Kevin Olson is a gifted athlete. Strong, skilled and determined. His coaches at Hawley High School use words like “drive” and “heart” and “desire” when they talk about the 5-foot-10 three-sport senior.
Olson is an all-state football player, an all-conference basketball player and he has gone to state in track. But there is much more to Kevin Olson’s story, which began in the Central African Republic and has taken him to Hawley, a town of less than 20,000 people 22 miles east of Fargo, N.D. Through a stellar athletic career that includes a devastating injury, one thing is clear: Kevin Olson is sure to be a success no matter where life takes him.
“I think everybody is in awe at his athletic ability,” said Hawley boys’ basketball coach Jon Hinrichs. “But I guess I’m a person who’s in awe of Kevin as a human being.”
Kevin (pictured at right) was adopted at a young age. His adoptive father is Tom Olson, a minister in Hawley who spent 15 years working as a missionary in Cameroon and the Central African Republic. In 1995, Tom married Eunice, a native of the Central African Republic. And soon after, through adoption, their family quickly expanded.
“Within six months we had three kids,” Tom Olson said. “And we got two more in 1997.”
Kevin is the middle child and all five are related. His older brother Con and older cousin Fedilia also were adopted by Tom and Eunice, as were his sister Laure (a junior at Hawley High School) and cousin Olivia (an eighth-grader).
“They are really neat kids who have done a lot with the opportunity to come to the U.S. and have a better life,” Hawley athletic director Brett Schmidt said.
As a youngster in Hawley, Kevin gravitated towards sports. He suffered a knee injury playing basketball in seventh grade, but it didn’t seem serious and as Kevin said, “I just put it aside.” As an eighth-grader he was on the junior varsity football and basketball teams, and got a taste of the varsity level in those sports as well as track. But his left knee began nagging him.
After running in the state track meet as an eighth-grader, a doctor told Kevin that he needed surgery on the knee, where a piece of bone had been chipped off. He missed most of his freshman football season, and during the summer before his sophomore year he spent two months visiting relatives, including his birth parents, in the Central African Republic.
“That was an eye-opener because we hadn’t been there for eight years,” Kevin said. “There were a lot of emotions. I met my younger brother, who looks just like me, and my younger sister, who looks just like (Laure). I was amazed.”
He trained for football while in Africa, with his siblings tagging along. “It was hard to get the workouts done because they hadn’t seen you for so long and they wanted to do what you did,” he said. “I figured I might as well let them join in.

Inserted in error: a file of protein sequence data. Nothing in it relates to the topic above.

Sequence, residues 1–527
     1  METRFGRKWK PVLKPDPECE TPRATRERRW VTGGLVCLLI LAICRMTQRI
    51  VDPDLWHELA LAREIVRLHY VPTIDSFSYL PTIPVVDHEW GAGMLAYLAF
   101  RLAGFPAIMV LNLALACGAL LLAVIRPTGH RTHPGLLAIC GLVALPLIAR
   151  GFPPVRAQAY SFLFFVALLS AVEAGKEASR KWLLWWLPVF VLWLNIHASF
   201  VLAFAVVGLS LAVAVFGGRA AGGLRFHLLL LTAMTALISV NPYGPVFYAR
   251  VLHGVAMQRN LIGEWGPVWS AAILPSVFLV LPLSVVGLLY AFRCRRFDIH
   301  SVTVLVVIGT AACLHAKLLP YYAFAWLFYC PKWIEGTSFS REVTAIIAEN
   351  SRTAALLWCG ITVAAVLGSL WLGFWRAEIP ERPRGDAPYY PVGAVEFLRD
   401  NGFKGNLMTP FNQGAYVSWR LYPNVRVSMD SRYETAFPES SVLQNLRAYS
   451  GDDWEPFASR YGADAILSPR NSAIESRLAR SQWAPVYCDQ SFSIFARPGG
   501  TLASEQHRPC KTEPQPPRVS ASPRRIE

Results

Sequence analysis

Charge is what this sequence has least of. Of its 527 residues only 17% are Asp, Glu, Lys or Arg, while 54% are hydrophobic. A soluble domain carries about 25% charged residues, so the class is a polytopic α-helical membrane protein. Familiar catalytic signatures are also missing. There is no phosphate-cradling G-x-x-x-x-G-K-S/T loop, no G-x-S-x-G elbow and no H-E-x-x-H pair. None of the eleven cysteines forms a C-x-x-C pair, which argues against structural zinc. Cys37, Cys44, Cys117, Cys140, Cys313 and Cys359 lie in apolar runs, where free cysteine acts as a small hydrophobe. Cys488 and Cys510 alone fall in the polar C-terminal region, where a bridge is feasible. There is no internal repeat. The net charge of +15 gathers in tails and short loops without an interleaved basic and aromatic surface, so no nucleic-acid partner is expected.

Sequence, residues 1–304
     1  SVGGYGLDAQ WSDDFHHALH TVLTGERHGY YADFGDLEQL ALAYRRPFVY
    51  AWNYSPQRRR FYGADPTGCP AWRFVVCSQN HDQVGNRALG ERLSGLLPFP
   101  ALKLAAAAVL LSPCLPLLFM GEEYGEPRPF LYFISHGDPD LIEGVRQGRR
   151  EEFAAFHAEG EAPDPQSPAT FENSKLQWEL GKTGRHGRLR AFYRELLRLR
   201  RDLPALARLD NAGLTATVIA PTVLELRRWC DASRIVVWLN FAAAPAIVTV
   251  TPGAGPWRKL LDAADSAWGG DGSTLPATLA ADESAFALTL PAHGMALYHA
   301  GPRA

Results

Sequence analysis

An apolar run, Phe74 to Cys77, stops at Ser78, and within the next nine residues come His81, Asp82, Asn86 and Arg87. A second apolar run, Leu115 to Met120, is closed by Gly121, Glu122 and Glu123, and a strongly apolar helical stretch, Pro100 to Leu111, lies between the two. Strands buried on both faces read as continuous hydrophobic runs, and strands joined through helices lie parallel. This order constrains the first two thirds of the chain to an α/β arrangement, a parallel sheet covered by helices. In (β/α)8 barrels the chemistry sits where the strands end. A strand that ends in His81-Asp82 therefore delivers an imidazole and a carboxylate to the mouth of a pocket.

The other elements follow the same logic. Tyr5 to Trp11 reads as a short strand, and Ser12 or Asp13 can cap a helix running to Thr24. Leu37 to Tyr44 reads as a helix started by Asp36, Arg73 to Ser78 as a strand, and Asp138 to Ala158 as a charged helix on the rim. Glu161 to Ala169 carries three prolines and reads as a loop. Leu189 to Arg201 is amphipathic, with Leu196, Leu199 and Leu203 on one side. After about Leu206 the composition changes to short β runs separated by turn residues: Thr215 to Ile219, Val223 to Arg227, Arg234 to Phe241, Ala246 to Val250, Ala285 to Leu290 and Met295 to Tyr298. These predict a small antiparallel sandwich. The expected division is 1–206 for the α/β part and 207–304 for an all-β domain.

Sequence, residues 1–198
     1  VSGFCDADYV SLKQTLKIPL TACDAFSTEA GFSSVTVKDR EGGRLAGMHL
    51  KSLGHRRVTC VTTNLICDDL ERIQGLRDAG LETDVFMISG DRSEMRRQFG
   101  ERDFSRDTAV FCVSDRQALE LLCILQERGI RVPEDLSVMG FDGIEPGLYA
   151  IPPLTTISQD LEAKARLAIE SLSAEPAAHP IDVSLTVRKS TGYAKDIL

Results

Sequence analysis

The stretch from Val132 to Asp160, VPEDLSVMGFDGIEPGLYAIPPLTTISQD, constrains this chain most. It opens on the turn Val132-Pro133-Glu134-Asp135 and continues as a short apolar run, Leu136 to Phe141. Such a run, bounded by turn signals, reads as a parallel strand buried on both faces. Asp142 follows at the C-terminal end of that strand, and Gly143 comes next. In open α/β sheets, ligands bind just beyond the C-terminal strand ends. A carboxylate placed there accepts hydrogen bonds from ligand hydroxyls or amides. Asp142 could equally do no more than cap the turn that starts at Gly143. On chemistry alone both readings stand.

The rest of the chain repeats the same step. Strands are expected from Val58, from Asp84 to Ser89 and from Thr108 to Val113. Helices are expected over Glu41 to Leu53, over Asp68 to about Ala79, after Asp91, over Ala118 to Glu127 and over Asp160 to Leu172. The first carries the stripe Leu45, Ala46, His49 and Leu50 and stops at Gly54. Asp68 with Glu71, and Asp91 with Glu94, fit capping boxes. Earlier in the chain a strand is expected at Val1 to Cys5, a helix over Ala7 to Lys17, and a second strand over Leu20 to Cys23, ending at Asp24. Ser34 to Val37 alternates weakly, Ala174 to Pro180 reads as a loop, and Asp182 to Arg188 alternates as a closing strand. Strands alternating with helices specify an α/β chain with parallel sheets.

“The last day was kind of hard for me and my younger sister, having to say goodbye to our mom and dad. I remember breaking down and crying at the airport. I made myself a promise that I’d try to get them all here. “
His sophomore football season was a breakthrough year, as he rushed for 1,800 yards and helped the Nuggets reach the Class 2A state semifinals. His junior year was hampered by knee problems and a groin injury, but last summer he was invited to the North Dakota State football camp.
“The coaches started talking to me there. They said ‘If you can dominate your senior year, we’ll talk.’”
But on the third day of practice last fall, he reinjured his knee. Then came the worst news of all. In the original surgery, three screws had been used to stabilize the knee. The screws, as planned, had dissolved but bone in the knee had also dissolved. The boy who had dreamed of playing college football was told by doctors that his dream was an extreme long shot, if not an impossibility.
“It was really tough,” Kevin said. “It was really hard to take all that in at once.”
He was allowed to play football this year, wearing a knee brace normally used by athletes with torn ACLs.
“It was one of the most painful things we had to do when he had the knee injury,” Hinrichs said. “You sit down and you see the hurt in a kid’s eyes.
“Kevin’s initial thought was, ‘Why is this happening to me? Why is God doing this to me?’ One day I said to Kevin, ‘Maybe God did this for you. Maybe you were meant to be a coach and you still have that burning passion for sports and that's what the sports need.’ ”
Nuggets football coach Peder Naatz said, “I think the thing that makes him so special is his desire and his drive. As a sophomore he had well over 200 yards in a state quarterfinal game against Eden Valley-Watkins in a No. 1 vs. No. 2 matchup. It took five, six, seven kids to bring him down. He’s physically tough, and it hurts him so much inside that he can’t do some things all the time because of his knee.” (In photo at left are Tom, Kevin, Laure and Olivia.)
Hinrichs said the greatest challenge in working with Kevin is helping him realize how talented he is. He can be modest almost to a fault, his coaches say. At halftime of one basketball game, Hinrichs told the entire team, “Raise your hand if you think Kevin needs to take more shots.” Every hand went up, with the exception of Kevin’s.
“He’s a tremendous kid to work with, he gets along great with other people, you can have fun with him,” Hinrichs said.
“I just think the world of him and I think the world of the family. With kids like him, it’s not the wins and losses that make coaching worth it, it’s the kids.”
Kevin is playing basketball this winter with a knee brace. He plans on attending North Dakota State and studying computer engineering; if no further surgery is needed he may try walking on with the NDSU football team.
And once he has that college degree, he has another goal in mind: he would like to help bring computers to people in the Central African Republic.